What that says to me is that you are carving like this guy, where you are inclinating your entire body, or leaning over as one tall unit to initiate the toeside carve with minimal knee bend.
As opposed to angulating your body by bending at the knees and keeping your torso more upright like this:
And if you watch the video where I got the second photo, found HERE you can see the AASI “ideal” turns in action.
Also, those boards look both beautiful and a blast to ride!
knuckle draggerFebruary 1, 2016 at 7:19 pm #788999
You couldn’t be more right, I’m def the guy in the first pic. Just like I’m I carve just like I lay em out In pow.
Also, there are brand out there that claim there splitboards ride just like a one piece. We all know that’s not true. When you have the deck aggressively on edge on hardpack it’s an “as good as it gets” feeling.
And thanks, I rode agiain in sub par conditions and am definetly getting used to this thing after 2 days.February 1, 2016 at 7:47 pm #789001
Just know that regardless of whether you are doing a carved turn on a groomer or laying out slashes in the powder, keeping your Center of Mass stacked over the edge you are using an angulated position (like rider #2 above) is going to give you more stability and better control over edge pressure.
knuckle draggerFebruary 2, 2016 at 9:32 am #789021Scooby2Participant
Cool thing about boarding is it is so easy, uncluttered and uncomplicated that it leaves tons of room for style and expression. Wabi Sabi.
The opposite would be skiing moguls, if you are doing it well, you are pretty much doing it all with the same body mechanics (even though your lines and rhythm might be different).
Sometimes you want to pay attention:
Sometimes you want to stand tall and fall into it because it feels soo good:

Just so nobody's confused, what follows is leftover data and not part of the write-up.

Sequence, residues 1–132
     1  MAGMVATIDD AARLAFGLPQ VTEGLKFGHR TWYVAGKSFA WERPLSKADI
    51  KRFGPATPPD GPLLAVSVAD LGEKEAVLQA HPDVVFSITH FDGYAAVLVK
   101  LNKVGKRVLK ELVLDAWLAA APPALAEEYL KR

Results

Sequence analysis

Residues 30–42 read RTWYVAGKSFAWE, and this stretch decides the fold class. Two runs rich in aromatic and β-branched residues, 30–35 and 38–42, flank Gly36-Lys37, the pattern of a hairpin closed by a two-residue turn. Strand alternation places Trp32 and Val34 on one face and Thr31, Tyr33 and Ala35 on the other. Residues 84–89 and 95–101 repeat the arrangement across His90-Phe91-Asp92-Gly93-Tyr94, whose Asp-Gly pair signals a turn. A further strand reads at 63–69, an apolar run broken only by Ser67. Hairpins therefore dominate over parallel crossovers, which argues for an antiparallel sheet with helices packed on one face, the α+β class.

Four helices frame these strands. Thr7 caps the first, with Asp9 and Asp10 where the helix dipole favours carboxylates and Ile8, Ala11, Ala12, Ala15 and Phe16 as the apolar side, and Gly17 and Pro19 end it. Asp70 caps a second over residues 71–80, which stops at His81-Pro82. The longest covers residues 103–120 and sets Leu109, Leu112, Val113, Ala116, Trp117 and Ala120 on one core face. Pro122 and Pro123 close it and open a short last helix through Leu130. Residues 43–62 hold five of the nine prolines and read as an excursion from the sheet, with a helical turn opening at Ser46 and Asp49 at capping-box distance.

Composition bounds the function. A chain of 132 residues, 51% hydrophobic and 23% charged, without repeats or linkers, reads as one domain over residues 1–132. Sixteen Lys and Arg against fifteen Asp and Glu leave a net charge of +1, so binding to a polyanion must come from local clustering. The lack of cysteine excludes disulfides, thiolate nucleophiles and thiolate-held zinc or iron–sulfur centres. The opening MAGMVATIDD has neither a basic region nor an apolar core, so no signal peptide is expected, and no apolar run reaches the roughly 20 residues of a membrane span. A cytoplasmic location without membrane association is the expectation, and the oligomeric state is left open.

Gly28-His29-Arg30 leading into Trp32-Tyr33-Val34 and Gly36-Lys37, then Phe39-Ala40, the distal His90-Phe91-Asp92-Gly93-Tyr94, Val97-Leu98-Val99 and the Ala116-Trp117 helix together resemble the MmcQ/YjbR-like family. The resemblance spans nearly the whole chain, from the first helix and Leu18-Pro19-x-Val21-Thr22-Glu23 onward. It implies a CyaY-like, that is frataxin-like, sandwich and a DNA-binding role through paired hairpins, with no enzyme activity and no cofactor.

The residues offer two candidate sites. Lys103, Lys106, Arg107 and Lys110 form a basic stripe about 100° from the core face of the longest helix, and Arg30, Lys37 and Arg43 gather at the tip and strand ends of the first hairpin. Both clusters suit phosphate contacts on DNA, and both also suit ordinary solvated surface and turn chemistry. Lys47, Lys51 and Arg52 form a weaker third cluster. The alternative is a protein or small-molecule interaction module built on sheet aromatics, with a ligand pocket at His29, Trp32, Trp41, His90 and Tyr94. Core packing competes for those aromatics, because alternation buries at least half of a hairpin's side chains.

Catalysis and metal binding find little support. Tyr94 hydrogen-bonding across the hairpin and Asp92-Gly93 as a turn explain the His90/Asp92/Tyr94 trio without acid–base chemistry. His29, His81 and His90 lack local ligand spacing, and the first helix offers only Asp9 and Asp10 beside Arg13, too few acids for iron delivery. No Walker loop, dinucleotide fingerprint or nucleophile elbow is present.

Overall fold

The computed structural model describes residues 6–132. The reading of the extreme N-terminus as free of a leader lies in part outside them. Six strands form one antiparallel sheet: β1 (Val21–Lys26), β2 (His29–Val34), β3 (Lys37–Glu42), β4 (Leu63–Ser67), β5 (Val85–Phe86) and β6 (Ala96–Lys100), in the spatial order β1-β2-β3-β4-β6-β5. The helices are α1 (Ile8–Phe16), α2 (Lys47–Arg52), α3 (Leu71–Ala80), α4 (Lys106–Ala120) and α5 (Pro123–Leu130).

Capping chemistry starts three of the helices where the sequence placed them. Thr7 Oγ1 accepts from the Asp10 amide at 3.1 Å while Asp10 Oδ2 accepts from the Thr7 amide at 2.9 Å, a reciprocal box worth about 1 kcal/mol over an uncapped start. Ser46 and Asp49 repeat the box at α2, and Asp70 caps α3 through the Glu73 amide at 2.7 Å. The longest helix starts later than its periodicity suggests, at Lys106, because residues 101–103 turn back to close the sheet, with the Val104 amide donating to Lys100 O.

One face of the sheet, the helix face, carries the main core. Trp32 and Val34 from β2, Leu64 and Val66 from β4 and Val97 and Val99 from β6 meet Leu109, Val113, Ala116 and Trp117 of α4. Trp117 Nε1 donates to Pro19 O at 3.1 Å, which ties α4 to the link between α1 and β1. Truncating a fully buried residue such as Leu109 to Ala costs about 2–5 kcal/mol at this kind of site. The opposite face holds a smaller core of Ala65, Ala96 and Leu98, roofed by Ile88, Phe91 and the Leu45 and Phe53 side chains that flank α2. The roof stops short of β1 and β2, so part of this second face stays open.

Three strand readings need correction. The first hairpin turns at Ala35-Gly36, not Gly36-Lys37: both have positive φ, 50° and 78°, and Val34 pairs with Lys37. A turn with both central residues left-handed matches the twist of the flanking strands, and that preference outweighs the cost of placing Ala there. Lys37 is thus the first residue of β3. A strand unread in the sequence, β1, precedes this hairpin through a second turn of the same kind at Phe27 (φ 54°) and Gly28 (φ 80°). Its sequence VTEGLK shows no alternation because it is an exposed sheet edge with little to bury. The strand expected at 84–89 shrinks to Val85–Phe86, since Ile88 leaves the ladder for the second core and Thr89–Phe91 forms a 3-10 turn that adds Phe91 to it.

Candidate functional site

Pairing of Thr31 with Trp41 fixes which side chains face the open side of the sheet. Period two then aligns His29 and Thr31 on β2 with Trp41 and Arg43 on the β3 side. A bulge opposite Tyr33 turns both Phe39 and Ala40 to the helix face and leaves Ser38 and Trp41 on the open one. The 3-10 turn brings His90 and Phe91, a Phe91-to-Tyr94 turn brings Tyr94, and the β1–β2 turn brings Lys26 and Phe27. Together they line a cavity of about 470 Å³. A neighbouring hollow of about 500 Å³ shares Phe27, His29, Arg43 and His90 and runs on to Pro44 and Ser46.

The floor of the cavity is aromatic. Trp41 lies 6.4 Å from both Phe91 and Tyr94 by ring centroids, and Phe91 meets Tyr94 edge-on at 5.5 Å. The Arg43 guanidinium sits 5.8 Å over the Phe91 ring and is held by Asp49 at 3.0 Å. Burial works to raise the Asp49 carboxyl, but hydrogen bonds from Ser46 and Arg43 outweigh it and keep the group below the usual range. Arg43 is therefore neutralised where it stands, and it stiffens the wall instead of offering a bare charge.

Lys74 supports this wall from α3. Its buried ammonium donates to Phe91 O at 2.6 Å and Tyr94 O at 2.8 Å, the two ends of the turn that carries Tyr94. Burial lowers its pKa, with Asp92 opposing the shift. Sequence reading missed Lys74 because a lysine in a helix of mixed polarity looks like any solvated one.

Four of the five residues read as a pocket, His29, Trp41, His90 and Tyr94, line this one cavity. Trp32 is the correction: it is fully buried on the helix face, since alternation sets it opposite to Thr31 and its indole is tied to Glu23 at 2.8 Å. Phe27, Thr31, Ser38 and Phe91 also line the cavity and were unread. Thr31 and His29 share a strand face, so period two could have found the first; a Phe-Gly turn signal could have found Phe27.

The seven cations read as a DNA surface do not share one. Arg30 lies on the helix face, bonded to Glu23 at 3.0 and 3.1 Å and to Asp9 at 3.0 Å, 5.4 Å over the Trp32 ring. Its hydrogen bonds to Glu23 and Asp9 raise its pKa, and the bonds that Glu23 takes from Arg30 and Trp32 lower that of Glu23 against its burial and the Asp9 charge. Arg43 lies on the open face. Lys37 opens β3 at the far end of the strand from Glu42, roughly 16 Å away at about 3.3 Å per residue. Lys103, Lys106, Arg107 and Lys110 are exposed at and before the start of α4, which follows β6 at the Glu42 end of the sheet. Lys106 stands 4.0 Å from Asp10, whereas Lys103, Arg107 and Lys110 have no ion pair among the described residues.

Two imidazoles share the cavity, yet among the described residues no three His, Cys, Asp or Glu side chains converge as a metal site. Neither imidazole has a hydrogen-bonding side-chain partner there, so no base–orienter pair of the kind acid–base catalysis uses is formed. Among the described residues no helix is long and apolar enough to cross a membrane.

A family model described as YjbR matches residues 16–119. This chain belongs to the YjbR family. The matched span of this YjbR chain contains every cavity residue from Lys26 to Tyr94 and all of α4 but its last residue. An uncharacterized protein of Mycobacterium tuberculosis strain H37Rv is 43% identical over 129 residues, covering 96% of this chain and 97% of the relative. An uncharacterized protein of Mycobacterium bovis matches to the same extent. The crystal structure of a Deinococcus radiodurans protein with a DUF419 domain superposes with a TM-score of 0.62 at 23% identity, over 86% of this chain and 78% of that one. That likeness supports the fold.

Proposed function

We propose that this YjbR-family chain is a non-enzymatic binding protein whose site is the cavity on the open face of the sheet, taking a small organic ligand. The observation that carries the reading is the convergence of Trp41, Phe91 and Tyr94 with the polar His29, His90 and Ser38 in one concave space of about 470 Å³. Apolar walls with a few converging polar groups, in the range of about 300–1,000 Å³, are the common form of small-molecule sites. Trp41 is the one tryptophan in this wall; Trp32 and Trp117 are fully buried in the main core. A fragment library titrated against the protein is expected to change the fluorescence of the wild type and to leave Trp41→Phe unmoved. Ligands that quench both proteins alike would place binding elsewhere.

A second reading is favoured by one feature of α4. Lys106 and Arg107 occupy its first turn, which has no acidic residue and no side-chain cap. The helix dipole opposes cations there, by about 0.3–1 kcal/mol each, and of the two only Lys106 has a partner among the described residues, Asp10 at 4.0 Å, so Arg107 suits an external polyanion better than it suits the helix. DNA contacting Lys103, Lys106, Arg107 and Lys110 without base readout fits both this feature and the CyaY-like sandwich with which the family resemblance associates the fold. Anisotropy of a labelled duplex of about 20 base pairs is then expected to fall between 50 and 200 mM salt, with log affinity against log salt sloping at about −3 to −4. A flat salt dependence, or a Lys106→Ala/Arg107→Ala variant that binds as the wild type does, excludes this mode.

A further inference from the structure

lopezFebruary 2, 2016 at 2:58 pm #789028
Yeah… While they have their utility, instructional carving videos still make me cringe a little, because style is such an important part of snowboarding. Like:
As to the Divide boards…. Derek, beautiful job! The finish work is fantastic, and they are the closet that I’ve seen to a snowboard version of a DPS ski. I would love to try one out in pow.
Great work, and thanks for sharing.
@sun_rocketFebruary 2, 2016 at 4:02 pm #789032
Style developed through really great carving.
knuckle draggerFebruary 2, 2016 at 9:20 pm #789041
Yeah. We are probably agreeing vigorously.
@sun_rocketFebruary 7, 2016 at 7:35 pm #789196
I’ve had 4 days on this thing now. The last one was so f#@kin’ fun, It blew my mind. 40cms of fresh dry. Smearing everywhere. Full tilt riding with effortless float. Any awkwardness(and there wasn’t much) that i felt the first two days is gone
I didn’t move the bindings closer to the front edge as I mentioned i might. I just ditched the duck stance.
Comparing this to the more stiff, aggressive boards I’ve had in the past that i would consider all time “charging” boards
this one is right up there.
It charges but it rides FUN. It makes quick smeary turns while maintaining a fall line without loss in speed. Even on low angle terrain. But then if you want you can lay huge aggressive turns and its crazy stable, like its got your back. I even chucked a couple spins off some natural shit!
I wish i could let everyone try one!
I am very surprised that in the previous pages of this thread people just tore into how there should be more splits with wide sidecuts and reverse sidecuts, and tapered tips etc. etc. You make one, confirm the shape works , AND WORKS WELL and only a sole few comment or have a thought!
Anywho, ill be drafting up a couple sizes of this thing for sure and making a few decks in the future. If any of you yanks want to take advantage of my ridiculous low Canadian dollar, its a great time to inquire.
Ill keep trying to pass these along to people to ride in the area and will continue with their feedback atleast
DerekFebruary 7, 2016 at 9:25 pm #789197
For the record, and as one of the people who has for a long time yearned for a DPS-like split on this forum, I am totally stoked on this design and I’m not at all surprised that you’re blown away by it.
The more time I spend on my furberg, which employs similar design principles, the more astonished I am at its versatility — from pencil-thin, fast large radius rails to super stable off piste slarving and quick smooth action on trees and bumps. I wish it had more shovel volume for pow float (I’m a big dude). An upsized version of your design would do the trick I’m sure.
Again, awesome work.
@sun_rocketFebruary 8, 2016 at 8:50 am #789216HansGLudwigParticipant
First off, @dividerides, those are beautiful decks with drool worthy shapes. Thanks for sharing on this forum.
@Scooby2 It’s cute you credit Gerry. (‘Cause it’s really hard to tell in those photos)
@Taylor That’s not a photo of a carve; his head’s pointing the wrong direction. That’s the setup for a Kelly kickout after a carve.